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Background: Chronic low back pain (CLBP) is a global health problem associated with an increasing burden on individuals, health care systems, and society. Common treatments for people with CLBP produce, on average, small short-term improvements in pain and function compared with minimal care. The RESOLVE trial randomly allocated 276 people with CLBP to a new complex treatment strategy, pain education integrated with graded sensorimotor precision training (RESOLVE), or a sham control. The RESOLVE treatment was developed within a theoretical framework to target possible treatment mechanisms associated with CLBP development and persistence. Objective: This protocol describes the planned evaluation of these proposed treatment mechanisms. Improved understanding of the mechanisms underpinning the RESOLVE treatment may guide its refinement and implementation. Methods: We will use causal mediation analysis to evaluate the proposed treatment mechanisms, including pain self-efficacy, back beliefs, pain catastrophizing, kinesiophobia, back perception, tactile acuity, and movement coordination. The primary outcomes are pain intensity and function at 18 weeks following allocation. Data were collected blind to allocation and hypotheses at baseline (mediators, outcomes, confounders), end of treatment (mediators), and at 18 weeks following allocation (outcomes). We will test the robustness of our findings by conducting planned sensitivity analyses. Results: Ethical approval was granted by the University of New South Wales Human Research Ethics Committee (HC15357). A total of 276 participants have been recruited from primary care practices and the community in Sydney, Australia. Conclusions: The RESOLVE treatment constitutes a new paradigm for CLBP management with potentially wide-reaching implications. This mechanistic evaluation will provide evidence for the hypothesized treatment mechanisms and help explain why the treatment strategy did or did not have an effect on patient-reported outcomes. These results will help guide the treatment refinement and implementation.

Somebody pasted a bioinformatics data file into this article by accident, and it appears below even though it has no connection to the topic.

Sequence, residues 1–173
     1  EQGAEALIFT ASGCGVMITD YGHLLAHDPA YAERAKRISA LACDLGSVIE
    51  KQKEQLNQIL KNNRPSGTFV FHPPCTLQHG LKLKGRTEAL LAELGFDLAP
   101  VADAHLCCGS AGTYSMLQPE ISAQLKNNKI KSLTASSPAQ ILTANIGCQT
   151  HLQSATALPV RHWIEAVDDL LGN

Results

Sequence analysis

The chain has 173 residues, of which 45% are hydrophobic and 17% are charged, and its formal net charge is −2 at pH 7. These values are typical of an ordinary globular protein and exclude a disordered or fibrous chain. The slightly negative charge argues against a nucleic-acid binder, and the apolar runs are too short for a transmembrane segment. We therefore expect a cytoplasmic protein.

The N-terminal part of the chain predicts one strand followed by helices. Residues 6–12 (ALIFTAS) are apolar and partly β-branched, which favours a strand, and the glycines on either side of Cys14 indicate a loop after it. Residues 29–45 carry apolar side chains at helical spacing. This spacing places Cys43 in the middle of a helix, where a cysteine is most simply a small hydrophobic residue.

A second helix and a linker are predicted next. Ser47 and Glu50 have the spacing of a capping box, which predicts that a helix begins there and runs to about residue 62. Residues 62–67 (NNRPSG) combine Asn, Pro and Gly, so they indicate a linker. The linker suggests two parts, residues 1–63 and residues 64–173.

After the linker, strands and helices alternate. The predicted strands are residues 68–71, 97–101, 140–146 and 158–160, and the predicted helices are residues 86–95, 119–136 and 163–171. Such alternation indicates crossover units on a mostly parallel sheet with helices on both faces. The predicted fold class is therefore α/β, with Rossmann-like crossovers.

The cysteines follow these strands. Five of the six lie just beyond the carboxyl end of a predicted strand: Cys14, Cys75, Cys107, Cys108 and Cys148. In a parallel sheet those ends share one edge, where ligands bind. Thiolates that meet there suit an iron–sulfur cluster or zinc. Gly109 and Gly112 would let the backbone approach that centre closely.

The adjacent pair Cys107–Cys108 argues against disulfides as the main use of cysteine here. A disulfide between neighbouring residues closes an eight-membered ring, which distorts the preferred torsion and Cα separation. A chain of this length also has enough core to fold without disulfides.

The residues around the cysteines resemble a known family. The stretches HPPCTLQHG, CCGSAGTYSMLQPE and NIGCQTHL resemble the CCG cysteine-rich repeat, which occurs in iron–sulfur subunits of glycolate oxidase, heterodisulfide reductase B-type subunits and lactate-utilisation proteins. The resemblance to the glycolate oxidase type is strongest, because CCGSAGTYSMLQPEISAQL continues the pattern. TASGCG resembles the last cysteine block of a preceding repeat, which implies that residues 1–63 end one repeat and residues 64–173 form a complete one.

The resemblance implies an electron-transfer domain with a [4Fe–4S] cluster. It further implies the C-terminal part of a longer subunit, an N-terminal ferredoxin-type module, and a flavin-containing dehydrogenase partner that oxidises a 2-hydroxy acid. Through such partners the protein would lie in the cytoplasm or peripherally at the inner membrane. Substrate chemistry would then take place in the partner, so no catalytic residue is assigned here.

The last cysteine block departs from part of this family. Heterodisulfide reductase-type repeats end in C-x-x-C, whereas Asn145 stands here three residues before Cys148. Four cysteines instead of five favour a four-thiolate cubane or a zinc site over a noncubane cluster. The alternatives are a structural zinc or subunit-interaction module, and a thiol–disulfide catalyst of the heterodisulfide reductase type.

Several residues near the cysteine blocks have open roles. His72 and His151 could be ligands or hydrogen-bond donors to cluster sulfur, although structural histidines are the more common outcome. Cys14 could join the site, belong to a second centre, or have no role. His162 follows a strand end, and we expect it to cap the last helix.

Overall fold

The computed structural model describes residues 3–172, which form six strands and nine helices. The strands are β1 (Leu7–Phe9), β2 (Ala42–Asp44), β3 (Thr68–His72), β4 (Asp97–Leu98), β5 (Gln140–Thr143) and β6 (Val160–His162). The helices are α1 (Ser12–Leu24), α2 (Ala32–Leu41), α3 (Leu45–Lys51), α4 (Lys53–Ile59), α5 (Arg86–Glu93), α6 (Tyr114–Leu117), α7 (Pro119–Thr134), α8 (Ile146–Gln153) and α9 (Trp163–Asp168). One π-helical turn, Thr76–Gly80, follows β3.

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Journal article


Jmir research protocols

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